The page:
--At John Holbo’s “Zizek and Christianity” panel, the most oft-cited literary text was Brideshead Revisited, which might seem to be an improbable choice. But apparently Waugh’s novel is referenced by Zizek in On Belief as providing a powerful example of his neo-Christian-socialist Philosophy of the Act. The novel is full of passages like this one:
“But, my dear Sebastian, you can’t seriously believe it all.”
“I mean about Christmas and the star and the three kings and the ox and the ass.”
“Oh yes, I believe that. It’s a lovely idea.”
“But you can’t believe things because they’re a lovely idea.”
“But I do. That’s how I believe."
It’s hard to imagine how this is the basis of serious philosophical debate, but so it is.
--Avant-garde poets are using multimedia technology to transform the reading experience, and comment on the “materiality of the text.” An example is the “Cave” at Brown University (read the PDF white paper here). A well-known practitioner and critic of “new media poetry” is John Cayley; he was cited by two of the panelists at a panel I went to on New Media and Literary Theory. Check out John Cayley’s website; what do you think? Is there something to this?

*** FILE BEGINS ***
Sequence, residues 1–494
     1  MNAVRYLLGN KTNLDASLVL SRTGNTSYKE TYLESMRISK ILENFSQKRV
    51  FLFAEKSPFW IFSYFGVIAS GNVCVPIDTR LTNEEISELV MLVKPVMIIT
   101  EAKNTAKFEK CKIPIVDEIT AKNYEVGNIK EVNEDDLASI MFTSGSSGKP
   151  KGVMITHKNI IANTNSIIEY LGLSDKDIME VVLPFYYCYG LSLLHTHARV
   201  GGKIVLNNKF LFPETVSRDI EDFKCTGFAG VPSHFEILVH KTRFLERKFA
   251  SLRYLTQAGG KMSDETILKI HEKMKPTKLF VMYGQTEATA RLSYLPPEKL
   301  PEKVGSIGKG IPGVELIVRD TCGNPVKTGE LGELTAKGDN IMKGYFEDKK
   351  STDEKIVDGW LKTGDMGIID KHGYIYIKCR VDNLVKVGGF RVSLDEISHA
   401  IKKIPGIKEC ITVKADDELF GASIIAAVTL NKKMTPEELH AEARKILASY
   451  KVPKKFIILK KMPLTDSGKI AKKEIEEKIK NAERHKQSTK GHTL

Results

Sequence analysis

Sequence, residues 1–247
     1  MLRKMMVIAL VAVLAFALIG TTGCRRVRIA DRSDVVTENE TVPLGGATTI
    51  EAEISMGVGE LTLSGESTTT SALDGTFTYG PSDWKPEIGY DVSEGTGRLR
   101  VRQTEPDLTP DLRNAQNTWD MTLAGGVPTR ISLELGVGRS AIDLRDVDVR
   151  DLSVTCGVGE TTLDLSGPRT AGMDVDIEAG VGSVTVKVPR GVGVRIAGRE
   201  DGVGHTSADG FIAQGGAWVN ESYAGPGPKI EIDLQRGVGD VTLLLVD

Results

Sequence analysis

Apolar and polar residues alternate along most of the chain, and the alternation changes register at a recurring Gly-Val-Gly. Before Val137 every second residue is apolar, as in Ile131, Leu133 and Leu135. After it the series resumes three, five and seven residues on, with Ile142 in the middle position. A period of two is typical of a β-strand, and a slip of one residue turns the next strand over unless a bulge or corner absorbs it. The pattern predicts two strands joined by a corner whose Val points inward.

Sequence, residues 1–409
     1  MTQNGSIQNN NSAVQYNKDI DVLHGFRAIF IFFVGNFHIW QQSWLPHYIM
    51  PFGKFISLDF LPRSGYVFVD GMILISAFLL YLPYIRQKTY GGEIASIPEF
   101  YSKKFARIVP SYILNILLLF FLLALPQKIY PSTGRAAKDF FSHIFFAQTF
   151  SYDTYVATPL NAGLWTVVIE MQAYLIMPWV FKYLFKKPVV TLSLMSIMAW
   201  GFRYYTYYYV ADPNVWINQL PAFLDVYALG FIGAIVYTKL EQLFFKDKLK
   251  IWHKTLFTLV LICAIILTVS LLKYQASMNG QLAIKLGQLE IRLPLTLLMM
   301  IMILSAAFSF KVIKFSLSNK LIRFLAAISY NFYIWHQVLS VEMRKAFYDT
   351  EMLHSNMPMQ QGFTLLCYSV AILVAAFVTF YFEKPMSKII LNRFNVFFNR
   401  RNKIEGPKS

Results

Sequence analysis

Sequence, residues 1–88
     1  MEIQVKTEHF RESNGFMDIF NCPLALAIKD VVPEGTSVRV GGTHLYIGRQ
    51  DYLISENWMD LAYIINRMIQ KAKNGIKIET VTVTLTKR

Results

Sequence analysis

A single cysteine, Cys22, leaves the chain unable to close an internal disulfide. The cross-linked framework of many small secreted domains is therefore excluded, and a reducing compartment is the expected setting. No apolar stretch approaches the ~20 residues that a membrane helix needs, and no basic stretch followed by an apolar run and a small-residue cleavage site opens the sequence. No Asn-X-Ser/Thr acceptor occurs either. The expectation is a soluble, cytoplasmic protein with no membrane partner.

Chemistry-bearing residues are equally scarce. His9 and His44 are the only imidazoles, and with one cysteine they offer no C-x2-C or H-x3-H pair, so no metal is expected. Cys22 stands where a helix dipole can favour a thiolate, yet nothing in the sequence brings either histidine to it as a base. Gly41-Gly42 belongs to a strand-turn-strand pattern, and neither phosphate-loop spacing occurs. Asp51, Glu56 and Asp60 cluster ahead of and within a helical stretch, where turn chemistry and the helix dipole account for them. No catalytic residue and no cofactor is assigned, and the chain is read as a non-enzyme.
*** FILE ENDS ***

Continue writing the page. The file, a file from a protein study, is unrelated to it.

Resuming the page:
--At the “Rethinking Rhyme" panel, literary as well as pop-culture allusions were falling fast and thick. Jonathan Culler recited lines from Bob Dylan’s “Subterranean Homesick Blues" to illustrates rhyme’s capacity to coordinate random images and bits of narrative.